The BBC executive behind Fleabag and Killing Eve paid tens of thousands of pounds to two underworld figures who went on to torture a drug dealer to death in front of his children.

Christopher Guest More, 43 – who was yesterday convicted of the murder of Brian Waters – and Jimmy Raven, 61, received almost £52,000 from the BBC for just one show.

Heavily-tattooed Raven was jailed for life a year after the savage killing, but millionaire’s son More went on the run and assumed a stolen identity.

For 16 years he escaped from justice, but he was finally caught in 2019. He lived a playboy life in Malta where he skippered yachts worth multi-millions of pounds.

His extradition to the UK was granted and he is currently on trial in Chester Crown Court, for 2003 murder.

Accomplice James Raven (pictured) posing for a picture in the run up to his arrest for the murder of Brian Waters

Pictured: Accomplice James Raven poses for a photo in the days leading up to his arrest on the murder of Brian Waters

Christopher Guest More jnr (pictured in 2003) was the fugitive son of former millionaire businessman Chris More

Christopher Guest More, jnr (pictured here in 2003), was the son of ex-millionaire Chris More

Following the jury’s guilty verdict yesterday the Mail can reveal that both More and Raven, who were cousins, worked as undercover operatives for Fiona Campbell, now the £215,000-a-year controller of BBC3. Her hits include Fleabag and Normal People, as well as Killing Eve.

This newspaper’s investigation revealed that Miss Campbell knew Raven was a victim of violence, but she allowed him and More to continue working for the Corporation.

According to the Mail, documents proving her request were signed by Peter Horrocks at the time, who was then the Head of Current Affairs. He went on the become Director of the World Service. Steven Whittle (head of editorial policy) and Roger Law (head of the BBC Legal department), also confirmed it. 

The two men were paid £51,864.07 for one film on counterfeiters and were still being consulted over issues in post-production when they murdered Mr Waters.

The BBC broadcast the film, including the pair’s secretly filmed footage, two years later – even though Raven had been jailed and More was on the run.

The men were also paid thousands for earlier BBC projects commissioned by Miss Campbell, with More’s payments for 2002 to 2003 totalling £42,000.

Miss Campbell, then a producer specialising in undercover crime documentaries, was More and Raven’s senior handler.

According to police, she said that she didn’t ask the pair how they obtained their information. She was criticised by a judge in a trial related to the pair’s counterfeiting programme for allowing them to operate without effective scrutiny.

Both More and Raven, who were cousins, worked as undercover operatives for Fiona Campbell, (above) now the £215,000-a-year controller of BBC3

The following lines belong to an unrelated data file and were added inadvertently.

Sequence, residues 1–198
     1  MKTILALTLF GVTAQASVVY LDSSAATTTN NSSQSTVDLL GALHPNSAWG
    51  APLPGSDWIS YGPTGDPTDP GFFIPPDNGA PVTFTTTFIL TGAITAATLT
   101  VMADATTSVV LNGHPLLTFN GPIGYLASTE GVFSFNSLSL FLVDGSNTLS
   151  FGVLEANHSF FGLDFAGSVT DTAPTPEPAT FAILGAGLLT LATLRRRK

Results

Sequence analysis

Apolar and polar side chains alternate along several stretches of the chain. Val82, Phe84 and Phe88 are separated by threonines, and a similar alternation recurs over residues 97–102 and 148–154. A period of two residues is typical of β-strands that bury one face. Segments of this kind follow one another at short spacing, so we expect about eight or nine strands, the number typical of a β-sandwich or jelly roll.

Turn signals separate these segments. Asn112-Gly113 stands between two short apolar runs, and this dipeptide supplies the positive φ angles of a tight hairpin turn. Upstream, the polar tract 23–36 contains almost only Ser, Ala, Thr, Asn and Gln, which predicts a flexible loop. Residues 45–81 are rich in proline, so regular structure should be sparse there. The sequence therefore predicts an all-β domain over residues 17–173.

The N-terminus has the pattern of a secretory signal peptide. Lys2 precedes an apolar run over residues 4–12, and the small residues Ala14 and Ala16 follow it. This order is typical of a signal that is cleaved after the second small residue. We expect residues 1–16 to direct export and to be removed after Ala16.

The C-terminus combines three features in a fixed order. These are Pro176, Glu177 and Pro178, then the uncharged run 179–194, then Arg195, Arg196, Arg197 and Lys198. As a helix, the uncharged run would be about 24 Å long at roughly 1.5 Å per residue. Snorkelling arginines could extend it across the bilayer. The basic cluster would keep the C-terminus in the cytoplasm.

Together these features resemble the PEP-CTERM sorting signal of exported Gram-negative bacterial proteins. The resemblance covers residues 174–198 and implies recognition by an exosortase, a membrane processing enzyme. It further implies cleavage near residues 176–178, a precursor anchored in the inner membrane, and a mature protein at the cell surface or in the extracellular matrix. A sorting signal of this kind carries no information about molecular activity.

Both More and Raven, who were cousins, worked as undercover operatives for Fiona Campbell, (above) now the £215,000-a-year controller of BBC3

More’s trial heard that he and Raven were members of a six-strong gang who ambushed Mr Waters, 44, at the cannabis farm he owned in Tabley, near Knutsford, Cheshire, on the orders of cocaine boss John Wilson.

For three hours Mr Waters, who owed Wilson £20,000, was tortured while his children, Gavin and Natalie, were tied up and forced to watch.

After being strung upside down and attacked with canes with an industrial stapler and burned with molten Plastic, the victim was given electric shocks before being beaten and submerged in a water barrel. 

A pathologist who examined Mr Waters’ body told the court he suffered more than 100 injuries and would have died in ‘excruciating’ pain. Mr Waters’s farm manager Suleman Razak, then 20, was also tortured.

Yesterday Mr Waters’ wife, Julie, who was also kidnapped during the terrifying attack, and children said their ordeal has had a ‘significant and long-lasting effect’ on their family.

Campbell is credited for hits including Fleabag, Normal People and Killing Eve (pictured)

Campbell was credited with hits like Fleabag (pictured), Normal People, and Killing Eve.

Wilson, now 71, and his ‘right hand man’ Otis Matthews, now 44, were convicted of Mr Waters’ murder in August 2004 and October 2007, respectively, and jailed for life.

More claimed that Wilson’s DNA was present at the crime scene as he helped him steal cannabis equipment and drugs on the day of the attack. But he claimed it was as part of his ‘journalistic research’ into Wilson, who he believed was a police informant.

The jury dismissed More’s version of events and convicted him of Mr Waters’ murder and conspiracy to commit grievous bodily harm to Mr Razak.

When he is sentenced, he will be imprisoned for the rest of his life with a minimum sentence. A BBC spokesman said: ‘Neither James Raven nor Christopher Guest More was work- ing for the BBC at the time of these offences.’

Regarding the criticisms of Miss Campbell by the judge in the counterfeiting trial, they added: ‘The BBC and its then employees accepted the overall findings of the judge.

‘As we said and as was reported at the time, the BBC made a number of changes to its editorial guidelines which considerably tightened up the procedures around investigations into crime and around undercover filming.’